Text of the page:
The Busy Person’s Quick Guide to Air Purifiers

You may perhaps have come across the term ‘air purifiers’ recently and are wondering what exactly they are? 

Or maybe you know of someone who has one in their home or workplace and you’re curious about how they work?

Here we’re going to answer 4 important questions relating to air purifiers, to arm you with info quickly.

(If you have more time you may be interested in our Complete Buyers Guide to Choosing the Best Air Purifier)

What Is An Air Purifier?

Essentially, an air purifier is an electrical device that removes contaminants from the air inside a room.

It does this by drawing that air in, processing it through a variety of filters and then pumping out clean air back into the room.

Click here to view a large range of air purifier units at

What Kind Of Contaminants Does An Air Purifier Help To Remove?

Would you be surprised to learn that indoor air pollution can be up to 5 times worse indoors than it is outside?!

For example, a build-up of moisture indoors can lead to the development of mold and mold spores, while forced-air heating and cooling systems can circulate bacteria and dust particles.

If you share your home with a furry friend or two then pet dander is also a further air pollutant.  And of course it’s now common knowledge that smoking releases dangerous toxins into the air.

Other pollutants that an air purifier may help to mitigate against are pollen, dust mites, and certain viruses.

They can also help to tackle some organic compounds such as herbicides and pesticides, and volatile organic compounds found in many everyday items such as cleaning products and paints.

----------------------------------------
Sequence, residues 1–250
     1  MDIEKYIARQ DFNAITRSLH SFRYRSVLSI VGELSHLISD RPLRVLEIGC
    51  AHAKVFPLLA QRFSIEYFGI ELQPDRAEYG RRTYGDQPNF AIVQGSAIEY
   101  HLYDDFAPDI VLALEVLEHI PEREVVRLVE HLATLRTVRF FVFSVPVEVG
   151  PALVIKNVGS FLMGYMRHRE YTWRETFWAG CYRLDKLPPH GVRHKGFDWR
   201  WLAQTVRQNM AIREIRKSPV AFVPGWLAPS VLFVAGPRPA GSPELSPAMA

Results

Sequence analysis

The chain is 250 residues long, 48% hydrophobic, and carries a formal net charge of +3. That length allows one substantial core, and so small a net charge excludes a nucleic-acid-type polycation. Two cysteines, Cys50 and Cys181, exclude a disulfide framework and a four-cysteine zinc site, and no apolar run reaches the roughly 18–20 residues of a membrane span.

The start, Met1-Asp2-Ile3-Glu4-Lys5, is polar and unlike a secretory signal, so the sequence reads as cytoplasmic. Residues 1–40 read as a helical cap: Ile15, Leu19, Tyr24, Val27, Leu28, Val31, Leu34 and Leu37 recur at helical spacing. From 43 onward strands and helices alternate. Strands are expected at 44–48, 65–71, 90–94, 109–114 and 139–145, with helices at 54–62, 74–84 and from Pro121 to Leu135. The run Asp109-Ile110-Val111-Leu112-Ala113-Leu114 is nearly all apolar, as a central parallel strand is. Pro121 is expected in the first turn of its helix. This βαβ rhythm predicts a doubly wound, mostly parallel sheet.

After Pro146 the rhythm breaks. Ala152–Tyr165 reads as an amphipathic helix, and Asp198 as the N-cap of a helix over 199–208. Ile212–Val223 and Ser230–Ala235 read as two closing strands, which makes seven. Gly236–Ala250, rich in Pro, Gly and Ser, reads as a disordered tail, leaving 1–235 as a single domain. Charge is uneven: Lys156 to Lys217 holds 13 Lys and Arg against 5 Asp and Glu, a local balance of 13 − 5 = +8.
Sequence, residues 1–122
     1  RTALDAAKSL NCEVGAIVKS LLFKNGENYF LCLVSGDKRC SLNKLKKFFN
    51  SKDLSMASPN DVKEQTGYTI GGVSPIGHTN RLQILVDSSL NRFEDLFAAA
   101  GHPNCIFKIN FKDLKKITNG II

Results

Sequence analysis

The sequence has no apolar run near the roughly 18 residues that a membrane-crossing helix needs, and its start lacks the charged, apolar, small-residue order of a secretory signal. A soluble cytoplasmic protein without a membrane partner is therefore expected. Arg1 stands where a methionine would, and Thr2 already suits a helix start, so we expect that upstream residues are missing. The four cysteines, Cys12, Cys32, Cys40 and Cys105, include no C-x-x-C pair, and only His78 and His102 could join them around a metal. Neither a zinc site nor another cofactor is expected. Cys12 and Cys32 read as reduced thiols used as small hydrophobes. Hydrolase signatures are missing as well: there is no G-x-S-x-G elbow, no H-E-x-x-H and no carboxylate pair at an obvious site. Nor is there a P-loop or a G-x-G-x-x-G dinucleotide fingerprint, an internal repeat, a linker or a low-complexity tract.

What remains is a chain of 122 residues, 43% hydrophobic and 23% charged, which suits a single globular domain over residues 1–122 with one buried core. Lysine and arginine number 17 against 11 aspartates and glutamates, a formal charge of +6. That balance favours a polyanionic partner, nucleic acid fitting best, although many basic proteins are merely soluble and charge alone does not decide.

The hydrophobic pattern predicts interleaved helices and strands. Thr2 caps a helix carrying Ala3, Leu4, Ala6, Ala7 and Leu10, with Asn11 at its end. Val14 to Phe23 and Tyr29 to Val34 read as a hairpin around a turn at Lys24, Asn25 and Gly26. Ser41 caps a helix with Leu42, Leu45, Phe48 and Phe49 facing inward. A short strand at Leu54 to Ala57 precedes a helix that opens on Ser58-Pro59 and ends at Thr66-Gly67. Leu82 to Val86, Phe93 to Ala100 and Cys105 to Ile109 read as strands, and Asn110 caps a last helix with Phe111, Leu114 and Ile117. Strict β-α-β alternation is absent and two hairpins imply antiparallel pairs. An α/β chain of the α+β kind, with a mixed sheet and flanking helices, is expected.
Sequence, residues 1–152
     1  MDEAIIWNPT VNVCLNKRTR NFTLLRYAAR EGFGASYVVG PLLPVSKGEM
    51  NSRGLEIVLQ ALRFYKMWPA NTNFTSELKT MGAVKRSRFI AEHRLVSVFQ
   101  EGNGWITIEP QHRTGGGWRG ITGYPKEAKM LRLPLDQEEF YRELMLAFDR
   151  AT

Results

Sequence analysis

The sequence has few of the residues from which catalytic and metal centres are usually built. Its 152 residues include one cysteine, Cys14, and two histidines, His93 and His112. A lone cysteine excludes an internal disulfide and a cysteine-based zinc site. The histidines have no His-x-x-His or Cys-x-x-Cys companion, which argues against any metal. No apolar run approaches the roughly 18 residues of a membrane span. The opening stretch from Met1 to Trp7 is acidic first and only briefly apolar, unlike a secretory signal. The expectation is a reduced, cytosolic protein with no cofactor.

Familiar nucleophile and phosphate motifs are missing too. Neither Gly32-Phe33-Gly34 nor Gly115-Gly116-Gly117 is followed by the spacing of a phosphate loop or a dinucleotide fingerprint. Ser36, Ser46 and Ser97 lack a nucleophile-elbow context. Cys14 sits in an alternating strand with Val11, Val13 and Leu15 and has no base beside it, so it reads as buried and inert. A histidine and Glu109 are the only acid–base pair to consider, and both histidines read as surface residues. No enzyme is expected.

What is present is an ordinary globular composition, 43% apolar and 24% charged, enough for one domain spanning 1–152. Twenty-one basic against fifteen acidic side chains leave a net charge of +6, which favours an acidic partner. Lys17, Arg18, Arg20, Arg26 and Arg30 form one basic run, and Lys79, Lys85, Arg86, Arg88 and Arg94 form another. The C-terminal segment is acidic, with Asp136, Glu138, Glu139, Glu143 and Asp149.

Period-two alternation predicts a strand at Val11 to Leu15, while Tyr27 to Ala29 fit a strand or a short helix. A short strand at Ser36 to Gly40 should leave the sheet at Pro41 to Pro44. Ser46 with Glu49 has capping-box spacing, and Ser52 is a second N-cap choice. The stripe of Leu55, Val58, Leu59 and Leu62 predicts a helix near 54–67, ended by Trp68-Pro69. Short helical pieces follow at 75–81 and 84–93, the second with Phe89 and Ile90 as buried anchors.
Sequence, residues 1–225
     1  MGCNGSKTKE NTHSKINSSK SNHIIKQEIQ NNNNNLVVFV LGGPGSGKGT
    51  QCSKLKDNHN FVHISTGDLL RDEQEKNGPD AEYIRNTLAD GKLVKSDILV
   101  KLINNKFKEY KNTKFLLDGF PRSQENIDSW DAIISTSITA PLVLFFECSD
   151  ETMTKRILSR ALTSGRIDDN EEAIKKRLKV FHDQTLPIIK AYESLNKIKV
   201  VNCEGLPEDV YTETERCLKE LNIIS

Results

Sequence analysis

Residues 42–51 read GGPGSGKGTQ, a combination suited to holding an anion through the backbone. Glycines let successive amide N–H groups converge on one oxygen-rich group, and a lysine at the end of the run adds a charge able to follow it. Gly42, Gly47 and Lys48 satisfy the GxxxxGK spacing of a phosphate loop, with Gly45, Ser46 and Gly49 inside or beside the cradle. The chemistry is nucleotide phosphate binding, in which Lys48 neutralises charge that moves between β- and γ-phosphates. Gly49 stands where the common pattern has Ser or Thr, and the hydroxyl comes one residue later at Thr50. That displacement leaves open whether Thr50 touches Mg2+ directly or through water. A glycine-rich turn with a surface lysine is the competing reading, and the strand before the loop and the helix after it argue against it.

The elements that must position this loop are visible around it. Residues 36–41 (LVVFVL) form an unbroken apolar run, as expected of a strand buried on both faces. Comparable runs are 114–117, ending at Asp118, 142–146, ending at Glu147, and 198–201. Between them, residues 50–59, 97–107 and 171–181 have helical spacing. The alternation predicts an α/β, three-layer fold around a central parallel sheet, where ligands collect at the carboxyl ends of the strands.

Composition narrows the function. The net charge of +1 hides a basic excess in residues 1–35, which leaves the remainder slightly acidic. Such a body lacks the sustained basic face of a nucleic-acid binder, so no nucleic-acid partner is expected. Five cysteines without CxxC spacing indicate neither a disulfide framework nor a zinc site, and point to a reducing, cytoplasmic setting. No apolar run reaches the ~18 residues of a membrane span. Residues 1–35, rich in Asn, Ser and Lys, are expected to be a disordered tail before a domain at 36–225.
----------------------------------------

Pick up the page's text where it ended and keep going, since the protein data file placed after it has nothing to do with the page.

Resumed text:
An air purifier may also help to eliminate or reduce unpleasant odors, such as those caused by cooking or from pets.

What Types of Filter Does an Air Purifier Use?

Air purifiers use a variety of different filters or filtration aids, and a unit may feature one or a combination of the following:

a pre-filter, to remove larger contaminated air particles – mainly dust and dirt that can hang about in the air and end up settling on your furniture. Pre-filters are cheaper to replace and stop the more expensive HEPA filters getting clogged up with larger particles. This extends the HEPA filter’s life and saves you money.

a HEPA filter, to remove fine, microscopic air particles. These are the nasty little particles that a human eye can’t even see such as pollen, pet dander, dust mites, mold and even some viruses.

a carbon-activated filter, to tackle bad smells and odors, and to remove some types of chemicals.

an enhanced carbon filter, to absorb a wider range of gases or chemicals including VOC’s.

an ioniser (or ion generator), to refresh the air.

a UV light, to reduce the presence of microorganisms such as viruses and bacteria.

 What are the Health Benefits For You and Your Family?

There are plenty of health benefits to be gained from better quality indoor air.

Unhealthy, contaminated indoor air can contain a variety of particles, bacteria and gases that may cause health issues to you and your family if not addressed. Improved indoor air quality can even make you more productive.

Although the word ‘organic’ appears in the description Volatile Organic Compounds (VOCs) don’t let this fool you. These are dangerous chemicals that typically originate from man-made substances such as cleaning products, painting and building products, and are also produced during smoking, cooking and even printing or photocopying.

Theses compounds can cause a number of short-term health issues including headaches, dizziness, nausea and eye, nose and throat irritation.

High and prolonged exposure may also cause more serious conditions like liver and kidney damage, central nervous system damage and even cancer.


A good air purifier with a HEPA filter is a great starting point in helping limit your exposure to indoor contaminants.

These can filter out mold spores to stop them spreading, remove allergens such as pollen and pet dander from the air, and some of the better units can also capture some bacteria and viruses.

Hopefully the above information has quickly given you a little more knowledge about air purifiers, and whether they’re something you’d want to consider in more detail for your own home or office.

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